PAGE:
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A heritage shared

One of the great joys of running this scissors company is talking to other people who’ve shared our interest and involvement in traditional craft.

We recently received a wonderful email from Mrs Ann Palmer, whose grandfather, W. H. Bolton, contributed greatly to the Sheffield scissors trade in the 20th Century. Mrs Palmer’s letter details how Mr Bolton invented a method for setting scissors blades in such a way that their edge retention is improved. Here we reproduce the letter, plus some fascinating photographs, in full.

Dear Team Ernest Wright,
Having read with interest your Christmas Newsletter, which was forwarded to me by a friend, I am inspired to write to you with a snippet of Sheffield history. The name “Ernest Wright” was immediately familiar to me from the lips of my grandfather – W. H. Bolton (Harry) – who was an instigator, and prime mover, of the Sheffield Trades Technical Society (later the National T.T.S.) from its inception in 1918 until his retirement in 1962, at the age of 78! The aim of the Society, which operated under the aegis of the University, was to provide a wider technical education to workers in the steel industries – more particularly the cutlery and scissor-making trades – before the existence of evening classes. Courses were held, at the University, in metallurgy and technical science with the aim of improving the skill and understanding of the (mostly) men who were “hands on” in the various techniques of production.
My grandfather, who had been trained as an engineer in the early years of the 20th century, worked for the firm of Hattersley & Davidson, rising to the position of works manager, before leaving, in 1918 to become the first secretary of the newly formed Sheffield Trades Technical Society. His abiding interest in scissor manufacture led him to invent a new method of setting the two scissor blades in order to eliminate the friction which, over time, caused the blades to lose their edge. One or two pairs of the new scissors were made by a friend in the trade and my grandfather had a pair sent to Cole Brothers department store in Fargate for a trial period of six months, following which he received this letter, dated 6th March 1922:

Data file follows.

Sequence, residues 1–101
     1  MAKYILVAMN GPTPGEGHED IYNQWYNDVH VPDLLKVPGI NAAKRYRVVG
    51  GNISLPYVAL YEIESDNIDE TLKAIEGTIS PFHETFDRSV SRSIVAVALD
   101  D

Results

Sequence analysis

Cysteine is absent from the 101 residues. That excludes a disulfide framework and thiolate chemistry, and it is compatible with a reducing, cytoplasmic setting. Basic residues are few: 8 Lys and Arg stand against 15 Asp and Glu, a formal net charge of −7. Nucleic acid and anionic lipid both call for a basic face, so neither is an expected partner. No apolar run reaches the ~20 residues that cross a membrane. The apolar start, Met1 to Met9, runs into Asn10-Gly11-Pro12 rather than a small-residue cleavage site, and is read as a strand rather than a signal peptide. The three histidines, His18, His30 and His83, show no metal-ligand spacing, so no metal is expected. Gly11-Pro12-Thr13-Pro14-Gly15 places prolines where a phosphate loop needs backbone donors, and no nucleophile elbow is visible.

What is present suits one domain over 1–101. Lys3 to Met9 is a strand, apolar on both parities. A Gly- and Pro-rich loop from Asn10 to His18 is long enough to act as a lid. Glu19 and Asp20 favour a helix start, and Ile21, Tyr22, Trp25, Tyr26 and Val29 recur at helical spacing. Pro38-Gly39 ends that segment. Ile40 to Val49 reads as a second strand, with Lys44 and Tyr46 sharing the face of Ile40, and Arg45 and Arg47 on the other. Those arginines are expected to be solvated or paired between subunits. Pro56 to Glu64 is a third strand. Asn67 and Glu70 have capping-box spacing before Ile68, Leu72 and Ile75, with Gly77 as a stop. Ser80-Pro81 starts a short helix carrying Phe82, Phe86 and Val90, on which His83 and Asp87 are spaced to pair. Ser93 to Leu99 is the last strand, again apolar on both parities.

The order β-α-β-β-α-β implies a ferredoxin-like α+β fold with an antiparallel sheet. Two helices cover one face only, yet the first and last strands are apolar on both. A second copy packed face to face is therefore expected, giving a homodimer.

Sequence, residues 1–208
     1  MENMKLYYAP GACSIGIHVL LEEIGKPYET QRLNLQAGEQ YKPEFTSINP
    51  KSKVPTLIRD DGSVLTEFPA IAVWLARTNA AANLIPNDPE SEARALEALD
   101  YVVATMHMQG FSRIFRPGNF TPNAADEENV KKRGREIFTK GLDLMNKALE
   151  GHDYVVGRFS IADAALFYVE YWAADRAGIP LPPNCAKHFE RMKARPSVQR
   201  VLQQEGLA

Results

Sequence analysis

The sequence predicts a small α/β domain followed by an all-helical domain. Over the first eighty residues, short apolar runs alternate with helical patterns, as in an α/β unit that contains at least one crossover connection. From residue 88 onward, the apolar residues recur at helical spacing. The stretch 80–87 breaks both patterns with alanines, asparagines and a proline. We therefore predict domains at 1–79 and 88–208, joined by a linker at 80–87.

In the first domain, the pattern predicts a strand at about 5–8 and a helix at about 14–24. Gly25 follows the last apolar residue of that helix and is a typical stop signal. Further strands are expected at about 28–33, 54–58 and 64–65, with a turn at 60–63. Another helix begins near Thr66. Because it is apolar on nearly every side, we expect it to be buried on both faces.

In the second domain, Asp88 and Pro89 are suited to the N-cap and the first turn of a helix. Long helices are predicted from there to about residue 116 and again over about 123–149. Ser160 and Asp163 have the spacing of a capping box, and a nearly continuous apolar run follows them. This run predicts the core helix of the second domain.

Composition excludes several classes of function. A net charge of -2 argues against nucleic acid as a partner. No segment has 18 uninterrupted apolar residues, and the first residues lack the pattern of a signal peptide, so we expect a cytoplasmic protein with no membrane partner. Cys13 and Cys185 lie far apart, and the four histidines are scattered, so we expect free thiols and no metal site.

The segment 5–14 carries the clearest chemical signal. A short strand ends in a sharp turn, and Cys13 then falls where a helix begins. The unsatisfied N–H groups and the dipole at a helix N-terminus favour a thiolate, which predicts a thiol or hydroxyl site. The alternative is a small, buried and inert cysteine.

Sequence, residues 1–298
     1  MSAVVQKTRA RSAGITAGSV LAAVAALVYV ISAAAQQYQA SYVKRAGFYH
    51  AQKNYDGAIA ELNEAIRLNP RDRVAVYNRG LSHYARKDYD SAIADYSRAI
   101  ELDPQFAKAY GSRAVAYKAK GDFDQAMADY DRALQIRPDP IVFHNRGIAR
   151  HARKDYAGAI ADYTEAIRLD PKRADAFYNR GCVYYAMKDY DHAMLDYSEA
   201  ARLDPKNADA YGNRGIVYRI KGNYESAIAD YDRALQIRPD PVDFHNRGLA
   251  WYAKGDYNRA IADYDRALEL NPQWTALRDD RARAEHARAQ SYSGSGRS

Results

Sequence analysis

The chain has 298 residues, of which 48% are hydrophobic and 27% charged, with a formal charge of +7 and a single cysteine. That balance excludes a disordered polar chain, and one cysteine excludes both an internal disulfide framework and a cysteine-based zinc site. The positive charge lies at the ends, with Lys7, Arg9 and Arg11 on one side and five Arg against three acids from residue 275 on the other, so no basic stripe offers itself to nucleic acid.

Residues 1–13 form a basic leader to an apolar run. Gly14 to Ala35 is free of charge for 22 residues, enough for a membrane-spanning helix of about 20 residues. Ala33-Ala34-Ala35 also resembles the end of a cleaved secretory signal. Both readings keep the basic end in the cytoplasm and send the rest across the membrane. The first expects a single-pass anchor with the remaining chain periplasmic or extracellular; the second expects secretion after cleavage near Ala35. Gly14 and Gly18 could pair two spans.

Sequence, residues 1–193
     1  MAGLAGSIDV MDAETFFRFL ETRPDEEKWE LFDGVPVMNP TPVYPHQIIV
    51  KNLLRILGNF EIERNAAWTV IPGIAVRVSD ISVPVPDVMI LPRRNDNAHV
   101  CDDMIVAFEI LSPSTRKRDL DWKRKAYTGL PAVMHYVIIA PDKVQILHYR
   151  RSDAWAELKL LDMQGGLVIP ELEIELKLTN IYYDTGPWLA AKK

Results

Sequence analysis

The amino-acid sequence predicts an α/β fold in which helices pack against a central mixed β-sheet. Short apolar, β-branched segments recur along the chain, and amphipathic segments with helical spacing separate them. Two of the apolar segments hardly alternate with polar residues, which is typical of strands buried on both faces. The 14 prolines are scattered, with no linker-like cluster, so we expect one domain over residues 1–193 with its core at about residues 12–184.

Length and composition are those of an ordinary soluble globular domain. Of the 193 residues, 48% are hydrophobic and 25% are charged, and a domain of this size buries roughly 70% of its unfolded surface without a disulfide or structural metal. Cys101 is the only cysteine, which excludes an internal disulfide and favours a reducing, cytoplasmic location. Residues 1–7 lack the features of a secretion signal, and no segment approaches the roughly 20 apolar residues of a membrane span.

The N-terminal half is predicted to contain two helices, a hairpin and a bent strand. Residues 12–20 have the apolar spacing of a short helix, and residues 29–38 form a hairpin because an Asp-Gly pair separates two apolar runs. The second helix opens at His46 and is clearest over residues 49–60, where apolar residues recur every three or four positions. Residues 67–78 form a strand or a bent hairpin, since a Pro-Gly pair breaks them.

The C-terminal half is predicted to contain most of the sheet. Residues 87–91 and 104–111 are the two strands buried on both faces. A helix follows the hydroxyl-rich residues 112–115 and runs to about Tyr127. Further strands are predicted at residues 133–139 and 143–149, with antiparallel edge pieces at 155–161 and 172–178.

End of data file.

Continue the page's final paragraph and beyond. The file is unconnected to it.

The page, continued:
W. H. Bolton,
Dear Sir,
I have thoroughly tested the scissors having had them in constant use, since last September & have found them most satisfactory in every way, the screw remaining absolutely firm & the edges perfect.
Yours faithfully, N. Pike

(Mantle Cutter).

I have also attached a copy of a hand-written note, signed: F. Knight, referring to the manufacture of the scissors which will mean much more to you than to me! The scissors never got into general production, however – they were not felt to be “economical”. As nowadays built-in obsolescence had more appeal for the mass-marketeers! Discouraged, my grandfather abandoned inventing and gave his energy to developing the Technical Society!

On his retirement, in 1962, the University awarded him the honorary degree of Master of Technical Science – possibly by coincidence – it was at the same degree ceremony that I received my BA Honours degree! I enclose the photograph, taken in the quadrangle at Western Bank, with my parents, both of whom also graduated from the University, back in 1938.
As part of my 21st birthday present (cutlery & scissors, what else?) my grandfather gave me a set of three pairs of scissors, for sewing, in a leather case. Sixty years later I am still using them. The mark is “Ragg, Sheffield”. I know nothing of the makers, although Wragg, with a W, is a distinctly local surname. Unfortunately the middle one of the three pairs was damaged, some years ago, in that one of the blades is slightly distorted so that the scissors no longer cut properly. Could they be reset – if I can get them to you? I live in Brittany and am not inclined to put them in the post due to the problems with Customs, since Brexit. I visit Cornwall, where my daughter lives, once or twice a year, and could post them from there. Perhaps you would be kind enough to let me know.
With kind regards and looking forward to further instalments of the newsletter,
Ann Palmer (Mrs)

Mr. W.H. Bolton
Graduation day, 1962
The scissors of Mrs. Ann Palmer, renewed

Our thanks go to Mrs Palmer for sharing this fascinating information about her grandfather, who evidently contributed a great deal to the scissors trade and metalworking in this city. 

We will, of course, be sharpening those special 21st birthday scissors! 


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